To my Martial Arts brothers, I now have your attention. Let’s talk.

And yes, I discuss, in a way, bikinis and Martial Arts in this post. While I discuss Filipino Martial Arts, this post applies to the entire martial arts industry.

In this post, I discuss a problem that persists in the martial arts industry: sexism toward our martial arts sisters.

I teach Modern Arnis both to children and to adults. 60% of my children students are girls. I did not target this or any other specific demographic in my marketing. They just started showing up. Kudos to their parents who wish to give their girls the means to protect themselves but, more importantly, to become strong and confident teens and women.

I am completely committed to giving all the girls and boys the tools to become strong and confident citizens.

Truth be told, BOTH boys and girls will benefit from being in the same class. The boys will greatly benefit from the presence of girls as this decreases the chances that they will be intimidated by the opposite sex or adopt warped views of them.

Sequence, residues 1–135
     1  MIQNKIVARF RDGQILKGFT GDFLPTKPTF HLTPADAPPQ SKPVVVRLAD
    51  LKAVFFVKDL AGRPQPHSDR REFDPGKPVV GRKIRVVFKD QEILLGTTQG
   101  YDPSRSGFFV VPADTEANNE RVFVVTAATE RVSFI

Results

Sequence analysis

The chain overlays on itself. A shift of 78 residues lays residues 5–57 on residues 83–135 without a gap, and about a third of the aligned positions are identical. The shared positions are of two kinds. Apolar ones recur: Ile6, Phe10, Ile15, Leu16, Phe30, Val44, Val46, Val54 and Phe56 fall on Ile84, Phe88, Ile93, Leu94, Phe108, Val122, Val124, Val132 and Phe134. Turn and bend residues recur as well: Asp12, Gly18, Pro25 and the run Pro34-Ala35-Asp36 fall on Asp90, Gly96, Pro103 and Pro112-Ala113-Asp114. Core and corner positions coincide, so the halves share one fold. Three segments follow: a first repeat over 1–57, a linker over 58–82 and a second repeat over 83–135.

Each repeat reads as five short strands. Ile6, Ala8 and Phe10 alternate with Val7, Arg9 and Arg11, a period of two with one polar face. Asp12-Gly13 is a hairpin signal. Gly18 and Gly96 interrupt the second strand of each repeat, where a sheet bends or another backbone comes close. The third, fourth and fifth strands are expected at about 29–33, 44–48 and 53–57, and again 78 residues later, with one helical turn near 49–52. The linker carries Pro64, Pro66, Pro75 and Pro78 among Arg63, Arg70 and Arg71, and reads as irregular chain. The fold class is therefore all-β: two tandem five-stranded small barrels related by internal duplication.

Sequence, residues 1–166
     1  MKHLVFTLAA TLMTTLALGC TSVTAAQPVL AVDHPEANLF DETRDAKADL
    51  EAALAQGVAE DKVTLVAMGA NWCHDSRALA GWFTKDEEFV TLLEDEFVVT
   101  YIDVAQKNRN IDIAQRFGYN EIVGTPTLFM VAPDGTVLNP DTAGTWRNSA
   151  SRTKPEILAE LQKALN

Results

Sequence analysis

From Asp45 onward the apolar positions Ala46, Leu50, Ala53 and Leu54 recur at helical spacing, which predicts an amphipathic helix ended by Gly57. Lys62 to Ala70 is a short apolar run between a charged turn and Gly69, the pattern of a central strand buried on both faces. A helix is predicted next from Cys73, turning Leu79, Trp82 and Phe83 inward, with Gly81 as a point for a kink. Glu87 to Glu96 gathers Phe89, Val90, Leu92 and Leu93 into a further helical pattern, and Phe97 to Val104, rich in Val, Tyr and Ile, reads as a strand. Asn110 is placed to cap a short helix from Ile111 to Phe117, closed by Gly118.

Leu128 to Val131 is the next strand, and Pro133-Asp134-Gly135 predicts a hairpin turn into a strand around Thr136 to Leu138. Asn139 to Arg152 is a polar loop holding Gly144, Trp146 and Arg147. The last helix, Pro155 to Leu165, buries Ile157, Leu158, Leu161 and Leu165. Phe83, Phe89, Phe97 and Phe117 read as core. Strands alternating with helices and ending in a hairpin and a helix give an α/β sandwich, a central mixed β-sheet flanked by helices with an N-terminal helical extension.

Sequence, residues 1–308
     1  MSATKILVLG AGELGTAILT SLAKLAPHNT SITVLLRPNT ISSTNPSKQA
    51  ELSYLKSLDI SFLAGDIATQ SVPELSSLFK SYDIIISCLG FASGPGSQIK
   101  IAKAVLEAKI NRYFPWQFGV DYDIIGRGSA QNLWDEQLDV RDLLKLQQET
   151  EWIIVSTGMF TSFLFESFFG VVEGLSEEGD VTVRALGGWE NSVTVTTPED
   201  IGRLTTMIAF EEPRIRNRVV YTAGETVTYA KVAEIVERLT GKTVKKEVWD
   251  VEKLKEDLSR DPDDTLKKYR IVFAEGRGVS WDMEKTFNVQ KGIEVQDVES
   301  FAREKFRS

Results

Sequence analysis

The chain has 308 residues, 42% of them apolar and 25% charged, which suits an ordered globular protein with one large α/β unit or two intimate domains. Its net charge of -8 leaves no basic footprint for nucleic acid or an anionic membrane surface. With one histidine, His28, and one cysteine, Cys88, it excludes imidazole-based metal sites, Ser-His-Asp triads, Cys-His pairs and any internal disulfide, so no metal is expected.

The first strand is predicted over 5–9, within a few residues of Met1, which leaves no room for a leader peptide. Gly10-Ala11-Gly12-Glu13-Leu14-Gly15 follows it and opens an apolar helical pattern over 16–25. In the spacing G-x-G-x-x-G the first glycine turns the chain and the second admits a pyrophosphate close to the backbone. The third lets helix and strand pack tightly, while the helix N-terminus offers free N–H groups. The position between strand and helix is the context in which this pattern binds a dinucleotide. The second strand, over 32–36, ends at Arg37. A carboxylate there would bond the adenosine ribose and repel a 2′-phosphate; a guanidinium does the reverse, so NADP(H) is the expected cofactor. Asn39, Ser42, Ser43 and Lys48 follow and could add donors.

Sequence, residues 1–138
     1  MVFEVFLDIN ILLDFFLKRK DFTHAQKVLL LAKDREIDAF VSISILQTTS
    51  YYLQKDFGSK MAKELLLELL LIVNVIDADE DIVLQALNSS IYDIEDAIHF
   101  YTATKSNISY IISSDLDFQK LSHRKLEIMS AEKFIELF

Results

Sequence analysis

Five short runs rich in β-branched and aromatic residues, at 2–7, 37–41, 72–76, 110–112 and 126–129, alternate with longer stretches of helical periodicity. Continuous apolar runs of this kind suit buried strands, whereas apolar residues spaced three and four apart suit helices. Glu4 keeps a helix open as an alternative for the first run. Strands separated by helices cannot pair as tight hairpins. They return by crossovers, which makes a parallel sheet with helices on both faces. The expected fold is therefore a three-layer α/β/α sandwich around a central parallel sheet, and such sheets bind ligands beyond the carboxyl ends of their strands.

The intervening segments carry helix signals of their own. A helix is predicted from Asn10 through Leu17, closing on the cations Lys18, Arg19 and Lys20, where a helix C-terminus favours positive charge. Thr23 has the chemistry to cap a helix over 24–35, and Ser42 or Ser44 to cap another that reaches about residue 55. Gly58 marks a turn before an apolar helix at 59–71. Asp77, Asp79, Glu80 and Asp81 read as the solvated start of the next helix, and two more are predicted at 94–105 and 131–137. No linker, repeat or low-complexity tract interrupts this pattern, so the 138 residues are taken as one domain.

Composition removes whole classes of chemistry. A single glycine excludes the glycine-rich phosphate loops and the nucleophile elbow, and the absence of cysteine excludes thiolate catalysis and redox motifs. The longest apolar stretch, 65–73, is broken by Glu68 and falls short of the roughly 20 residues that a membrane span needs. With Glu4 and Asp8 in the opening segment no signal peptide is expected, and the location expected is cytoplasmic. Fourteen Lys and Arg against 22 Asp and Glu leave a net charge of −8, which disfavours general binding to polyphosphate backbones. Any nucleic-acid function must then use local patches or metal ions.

Girls, despite constant negative societal messages, will learn that they can be just as good as the boys. Ronda Rousey anybody? 🙂

A few months ago I was perusing a Filipino Martial Arts forum and came across a post claiming to make a connection between photography of bikini-clad women and the practice of Filipino Martial Arts. The poster egged on others to post their photographs of women, preferably those in bikinis.

Whiskey Tango Foxtrot?

Several commentators responded that this was highly inappropriate and that it had no connection to Filipino Martial Arts. I put in my two cents saying that the thread was an insult to women who practice Filipino Martial Arts.  While the poster claimed a connection between his photography of bikinis and Filipino Martial Arts, there was no doubt in my mind that this was a bullshit connection and that he pigeonholed women into one category: sexual objects. 

He claimed that was not his intent. To say that he was not convincing is putting it mildly. But the perception is often reality. The perception is the poster is saying to women “you are nothing more than a sexual object.”

Wow, what a way to look at 50% of the human population, Mr. Neanderthal.

Encouragingly many men spoke up against this thread and denounced the demeaning nature of it. It took far too long but the thread got taken down.  But the fact that this kind of ugly sexism exists is something that needs to be confronted at every turn. 

It is more than just the aforementioned forum incident. More recently, a female martial arts colleague of mine has been subjected to appalling sexual harassment by a supposedly high-ranking martial artist on Facebook.